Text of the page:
Lisfranc Injury of the Foot

By Justin Delicato, PTA, Site Coordinator

 What is a Lisfranc Injury?

The quick answer, a Lisfranc injury occurs when the midfoot bones are broken or ligaments of the midfoot are torn.  The Lisfranc joint is the area of the foot where the metatarsals and tarsal bones connect. The Lisfranc ligament supports the Lisfranc joint. These injuries can vary in complexity and are oftentimes mistaken for simple sprains. However, the midfoot (arch of the foot) plays a crucial role in functional stability and walking.  In other words, it is important to be properly evaluated by a foot and ankle orthopaedic physician.

Lisfranc Injury Foot Fracture Foot pain Cause

Lisfranc Injury

What causes a Lisfranc Injury?

This injury occurs from a fall when the ankle suddenly twists. This can happen with a simple twist and fall on top of a foot that is pointing downward.  A direct blow to the mid-foot (during sports, car accidents, fall from a height, etc.) can injure this foot area.

Types of Lisfranc Injuries

There are three main types of Lisfranc injuries: sprains, fractures, and dislocations.

  • Sprains: Create instability of the midfoot, as the weakened ligament cannot adequately support the foot’s arch after an injury.
  • Fractures: Breaks can occur in the associated midfoot bones – tarsals and metatarsals.
  • Dislocations: The supporting midfoot bones may shift out of place.
Lisfranc injury location label

Image of where Lisfranc Injuries occur

Symptoms of Lisfranc Injuries

  • Tenderness at the site of injury/top of the foot.
  • Swelling.
  • Bruising in the midfoot
  • Inability to put weight on your foot

Diagnosing Lisfranc Injuries

In order the make the proper diagnosis for the injury, your physician may:

  • Take a thorough history.
  • Perform a physical exam.
  • Take x-rays (to determine fractures and position of the bones), sometimes standing.
  • MRI or CT Scan

Treatment of Lisfranc Injuries

There are two main approaches to treat a Lisfranc Injury:  Conservative (non-surgical) or Surgical.

  • Non-surgical treatment. These do not involve significant tears, fractures, or dislocations. A walker boot or cast (non-weight-bearing only) allows the injury to heal.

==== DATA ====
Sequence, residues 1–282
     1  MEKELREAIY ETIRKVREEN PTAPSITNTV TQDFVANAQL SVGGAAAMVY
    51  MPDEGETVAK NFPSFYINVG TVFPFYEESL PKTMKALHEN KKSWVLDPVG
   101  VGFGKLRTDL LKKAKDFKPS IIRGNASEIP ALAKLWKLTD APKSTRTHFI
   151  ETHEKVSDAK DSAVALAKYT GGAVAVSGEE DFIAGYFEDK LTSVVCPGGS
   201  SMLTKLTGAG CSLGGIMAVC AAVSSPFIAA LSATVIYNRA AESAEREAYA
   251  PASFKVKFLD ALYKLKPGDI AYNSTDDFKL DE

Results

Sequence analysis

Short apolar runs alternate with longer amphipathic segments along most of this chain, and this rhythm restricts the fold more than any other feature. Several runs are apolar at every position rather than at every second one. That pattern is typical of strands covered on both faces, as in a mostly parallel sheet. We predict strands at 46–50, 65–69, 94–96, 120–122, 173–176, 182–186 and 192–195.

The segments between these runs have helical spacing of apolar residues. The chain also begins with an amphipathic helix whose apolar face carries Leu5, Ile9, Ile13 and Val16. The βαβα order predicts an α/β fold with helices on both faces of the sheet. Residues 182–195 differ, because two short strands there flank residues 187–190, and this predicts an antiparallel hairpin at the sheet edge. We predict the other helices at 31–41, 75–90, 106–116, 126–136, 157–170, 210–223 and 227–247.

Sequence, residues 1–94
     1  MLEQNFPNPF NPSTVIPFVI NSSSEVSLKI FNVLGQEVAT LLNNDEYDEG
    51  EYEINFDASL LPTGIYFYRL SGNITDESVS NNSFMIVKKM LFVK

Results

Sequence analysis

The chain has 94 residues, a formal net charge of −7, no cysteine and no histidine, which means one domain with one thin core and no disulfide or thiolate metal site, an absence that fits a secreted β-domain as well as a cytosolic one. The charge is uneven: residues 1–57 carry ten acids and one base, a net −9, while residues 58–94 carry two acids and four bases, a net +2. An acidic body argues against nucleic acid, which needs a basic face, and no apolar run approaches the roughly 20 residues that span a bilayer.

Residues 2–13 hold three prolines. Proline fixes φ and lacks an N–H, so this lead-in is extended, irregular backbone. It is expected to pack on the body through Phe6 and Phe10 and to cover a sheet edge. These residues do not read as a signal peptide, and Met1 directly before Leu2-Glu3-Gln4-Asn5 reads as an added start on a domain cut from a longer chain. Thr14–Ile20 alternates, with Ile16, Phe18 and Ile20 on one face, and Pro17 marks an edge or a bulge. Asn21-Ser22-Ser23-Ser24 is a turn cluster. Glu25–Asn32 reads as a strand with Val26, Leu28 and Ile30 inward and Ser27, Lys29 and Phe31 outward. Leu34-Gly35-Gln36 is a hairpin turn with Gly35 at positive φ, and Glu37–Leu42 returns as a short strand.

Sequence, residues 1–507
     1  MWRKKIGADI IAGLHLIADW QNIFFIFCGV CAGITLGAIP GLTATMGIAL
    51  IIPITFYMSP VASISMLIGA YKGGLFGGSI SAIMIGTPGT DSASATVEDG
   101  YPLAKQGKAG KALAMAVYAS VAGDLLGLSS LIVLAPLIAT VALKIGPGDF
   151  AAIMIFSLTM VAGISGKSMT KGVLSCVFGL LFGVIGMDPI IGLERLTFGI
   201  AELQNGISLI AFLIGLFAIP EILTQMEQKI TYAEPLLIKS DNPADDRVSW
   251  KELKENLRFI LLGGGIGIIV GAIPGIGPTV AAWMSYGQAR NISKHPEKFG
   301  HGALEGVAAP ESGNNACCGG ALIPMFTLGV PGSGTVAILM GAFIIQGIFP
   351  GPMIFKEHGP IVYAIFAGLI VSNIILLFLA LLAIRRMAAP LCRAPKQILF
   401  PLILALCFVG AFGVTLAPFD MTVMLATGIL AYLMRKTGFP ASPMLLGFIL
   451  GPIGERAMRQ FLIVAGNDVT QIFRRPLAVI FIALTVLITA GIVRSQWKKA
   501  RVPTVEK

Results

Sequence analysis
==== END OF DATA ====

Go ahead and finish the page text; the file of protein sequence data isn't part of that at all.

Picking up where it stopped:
• Rest by using crutches and staying off of your feet.
    • Ice for 20 minutes several times a day.
    • Immobilization with a walking boot.
    • Elevation of the foot above height of your heart to decrease swelling.
  • Surgical treatment. Realign the bones to encourage appropriate healing and functional ability.  Sometimes, an ORIF (open reduction internal fixation) must be performed. This operation uses hardware (plates, screws, etc.) to ensure the integrity of the repair.


Individuals with Lisfranc injuries may benefit from physical therapy services, as advised by their MD.  Therefore after proper healing, rehab efforts encourage foot mobility and strengthening for everyday function.   The recovery is very difficult for a possible return to sport. In conclusion, if you think you have this injury, JOI can help you get back on the road to recovery.  To schedule with JOI Rehab, please call 904-858-7045. 

Related Article by Dr. Vosseller: What is a Lisfranc Injury?

Other Related Articles:

Foot Pain in the Morning

 Home Remedies for Foot Pain.


Ligaments in the foot/

Bones in the toes/

Foot anatomy/

Author: Justin Delicato, PTA, Site Coordinator

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